While he’s not the biggest bat available, he’s an impact bat because he plays catcher. He’s probably the best offensive catcher in the game right now and is two years away from free agency. He’s coming off a career-year and could continue that level of production going forward. The Dodgers have been linked to him frequently, especially since the Braves, Mets and Nationals have apparently dropped out of the sweepstakes.
Solid Right-Handed Bats
Nick Castellanos – .298/.354/.500, .202 ISO, 130 wRC+, 3.0 WAR
An argument could be made that the soon-to-be 27-year-old belongs in the “impact” group, but he’s coming off a career year in 2018 and has next to no defensive value. The rumors involving he and the Dodgers are a bit puzzling because of that. Still, he’s a good hitter who could be on the verge of a more pronounced breakout. But replacing Puig with him seems — at best — like a lateral move.
Brian Dozier – .215/.305/.391, .175 ISO, 90 wRC+, 0.8 WAR
Dozier was a disappointment when he came over from the Twins at the trade deadline. He hit just .182/.300/.350 in 170 plate appearances with the Dodgers. It was his worst full season as an MLB player and he could be ripe for a rebound next season (especially considering his production in the previous four seasons). Still, he’d be a less-than-exciting offseason acquisition.
Jedd Gyorko – .262/.346/.416, .154 ISO, 110 wRC+, 1.4 WAR
The Dodger killer may not actually be available, but he’s two years away from free agency and the Cardinals’ acquisition of Paul Goldschmidt could potentially limit Gyorko’s playing time. He wouldn’t be a starter for the Dodgers, either, but with his positional versatility, they could find some plate appearances for him.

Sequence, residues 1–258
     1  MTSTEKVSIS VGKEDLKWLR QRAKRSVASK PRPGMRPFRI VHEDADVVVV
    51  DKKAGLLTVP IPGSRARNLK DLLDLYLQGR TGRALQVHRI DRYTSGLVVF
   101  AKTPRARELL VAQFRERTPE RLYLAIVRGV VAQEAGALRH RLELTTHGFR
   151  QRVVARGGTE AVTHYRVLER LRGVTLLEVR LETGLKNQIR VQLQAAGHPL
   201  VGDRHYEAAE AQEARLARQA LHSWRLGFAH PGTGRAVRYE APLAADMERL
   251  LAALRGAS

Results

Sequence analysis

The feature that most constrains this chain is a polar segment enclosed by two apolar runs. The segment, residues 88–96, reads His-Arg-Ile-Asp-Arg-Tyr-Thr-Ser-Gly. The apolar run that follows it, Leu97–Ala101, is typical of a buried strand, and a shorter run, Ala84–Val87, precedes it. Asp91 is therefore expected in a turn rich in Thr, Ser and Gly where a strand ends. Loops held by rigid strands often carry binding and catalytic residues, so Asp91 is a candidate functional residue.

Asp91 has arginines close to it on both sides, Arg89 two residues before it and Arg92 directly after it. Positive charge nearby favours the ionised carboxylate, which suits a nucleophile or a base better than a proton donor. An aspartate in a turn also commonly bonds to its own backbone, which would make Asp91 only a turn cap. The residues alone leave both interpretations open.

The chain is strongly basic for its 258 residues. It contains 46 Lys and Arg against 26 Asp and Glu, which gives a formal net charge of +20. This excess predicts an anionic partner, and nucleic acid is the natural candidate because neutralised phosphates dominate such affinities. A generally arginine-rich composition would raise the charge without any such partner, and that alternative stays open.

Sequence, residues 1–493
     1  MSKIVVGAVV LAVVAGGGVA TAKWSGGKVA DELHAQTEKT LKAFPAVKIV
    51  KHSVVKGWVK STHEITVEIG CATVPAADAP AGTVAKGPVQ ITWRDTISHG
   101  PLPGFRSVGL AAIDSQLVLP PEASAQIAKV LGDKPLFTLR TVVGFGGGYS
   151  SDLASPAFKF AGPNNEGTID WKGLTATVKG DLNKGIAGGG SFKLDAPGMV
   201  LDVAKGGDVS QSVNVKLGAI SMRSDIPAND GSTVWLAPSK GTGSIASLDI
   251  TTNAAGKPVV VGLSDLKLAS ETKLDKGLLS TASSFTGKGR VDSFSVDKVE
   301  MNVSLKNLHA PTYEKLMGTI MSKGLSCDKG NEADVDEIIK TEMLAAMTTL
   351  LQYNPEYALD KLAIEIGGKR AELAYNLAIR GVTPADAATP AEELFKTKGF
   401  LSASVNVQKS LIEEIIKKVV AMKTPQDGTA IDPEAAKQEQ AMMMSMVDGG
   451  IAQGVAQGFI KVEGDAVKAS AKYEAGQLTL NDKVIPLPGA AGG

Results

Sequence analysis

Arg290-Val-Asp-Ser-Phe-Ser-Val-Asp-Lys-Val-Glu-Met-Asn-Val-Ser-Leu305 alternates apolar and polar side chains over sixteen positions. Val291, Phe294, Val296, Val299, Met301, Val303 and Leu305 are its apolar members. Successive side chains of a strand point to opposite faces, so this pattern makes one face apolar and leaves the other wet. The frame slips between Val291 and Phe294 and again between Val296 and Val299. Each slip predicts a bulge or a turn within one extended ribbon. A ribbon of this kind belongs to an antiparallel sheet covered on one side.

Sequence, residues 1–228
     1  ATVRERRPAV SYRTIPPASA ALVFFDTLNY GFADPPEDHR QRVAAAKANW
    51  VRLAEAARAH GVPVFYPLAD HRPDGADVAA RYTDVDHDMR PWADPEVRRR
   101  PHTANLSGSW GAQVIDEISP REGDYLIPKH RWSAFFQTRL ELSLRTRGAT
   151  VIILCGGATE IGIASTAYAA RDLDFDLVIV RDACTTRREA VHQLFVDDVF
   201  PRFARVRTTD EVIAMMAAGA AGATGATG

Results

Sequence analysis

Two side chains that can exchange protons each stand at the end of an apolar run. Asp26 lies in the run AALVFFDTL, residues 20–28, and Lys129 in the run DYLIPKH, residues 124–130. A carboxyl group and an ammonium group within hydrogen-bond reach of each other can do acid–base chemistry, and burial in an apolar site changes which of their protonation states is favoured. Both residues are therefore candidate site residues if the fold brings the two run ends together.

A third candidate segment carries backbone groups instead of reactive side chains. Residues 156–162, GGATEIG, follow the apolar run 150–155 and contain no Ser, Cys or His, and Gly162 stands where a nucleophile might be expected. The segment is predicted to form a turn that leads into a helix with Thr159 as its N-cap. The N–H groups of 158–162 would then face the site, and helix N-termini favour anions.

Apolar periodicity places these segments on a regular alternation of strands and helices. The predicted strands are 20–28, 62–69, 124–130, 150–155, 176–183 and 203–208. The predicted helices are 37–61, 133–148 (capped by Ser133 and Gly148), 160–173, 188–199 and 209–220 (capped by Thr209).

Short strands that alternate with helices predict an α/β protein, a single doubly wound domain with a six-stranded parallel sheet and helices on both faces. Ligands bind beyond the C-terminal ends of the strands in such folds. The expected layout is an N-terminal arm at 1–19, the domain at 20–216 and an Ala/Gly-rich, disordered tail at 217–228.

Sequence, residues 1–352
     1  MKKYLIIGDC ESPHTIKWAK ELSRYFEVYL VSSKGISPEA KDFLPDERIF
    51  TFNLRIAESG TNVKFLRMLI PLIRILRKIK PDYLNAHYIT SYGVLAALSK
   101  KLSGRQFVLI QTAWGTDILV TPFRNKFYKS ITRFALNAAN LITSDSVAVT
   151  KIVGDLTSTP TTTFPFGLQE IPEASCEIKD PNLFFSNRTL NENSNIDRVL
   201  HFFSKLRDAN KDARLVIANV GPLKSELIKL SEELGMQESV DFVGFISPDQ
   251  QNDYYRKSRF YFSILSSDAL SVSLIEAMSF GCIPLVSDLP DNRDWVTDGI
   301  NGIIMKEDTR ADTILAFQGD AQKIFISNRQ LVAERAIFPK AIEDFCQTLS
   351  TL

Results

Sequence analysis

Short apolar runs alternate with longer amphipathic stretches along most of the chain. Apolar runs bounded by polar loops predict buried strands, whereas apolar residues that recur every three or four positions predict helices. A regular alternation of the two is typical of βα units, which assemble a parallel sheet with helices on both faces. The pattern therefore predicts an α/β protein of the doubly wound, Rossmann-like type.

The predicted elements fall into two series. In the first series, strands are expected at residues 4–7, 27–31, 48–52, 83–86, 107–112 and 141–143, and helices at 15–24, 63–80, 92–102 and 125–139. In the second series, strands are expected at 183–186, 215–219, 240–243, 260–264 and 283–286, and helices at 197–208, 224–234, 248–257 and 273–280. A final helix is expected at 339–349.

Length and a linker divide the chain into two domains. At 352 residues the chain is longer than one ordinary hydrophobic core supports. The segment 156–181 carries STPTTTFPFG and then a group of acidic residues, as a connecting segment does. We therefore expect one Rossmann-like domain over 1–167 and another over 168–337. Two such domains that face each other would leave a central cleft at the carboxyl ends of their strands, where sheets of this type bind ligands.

Josh Harrison – .250/.293/.363, .113 ISO, 78 wRC+, 0.3 WAR
Harrison has never been that great a hitter, and his 2018 season left a lot to be desired. But the fact he can play a couple different positions could make him somewhat attractive to the Dodgers. Still, he wouldn’t be an upgrade over what the have in-house, so I’m guessing he’s not a real contender here.
DJ LeMahieu – .276/.321/.428, .152 ISO, 86 wRC+, 2.0 WAR
LeMahieu is a guy I identified as a potential target early in the offseason. He’s coming off a weird season in which he saw his power increase but overall production was down. He made up for it a bit by playing some of the best defensive second base in baseball. The Dodgers have been linked to him more than almost any other player this offseason, and it wouldn’t be surprising if he were the “winner” here.
Jose Martinez – .305/.364/.457, .152 ISO, 125 wRC+, 2.3 WAR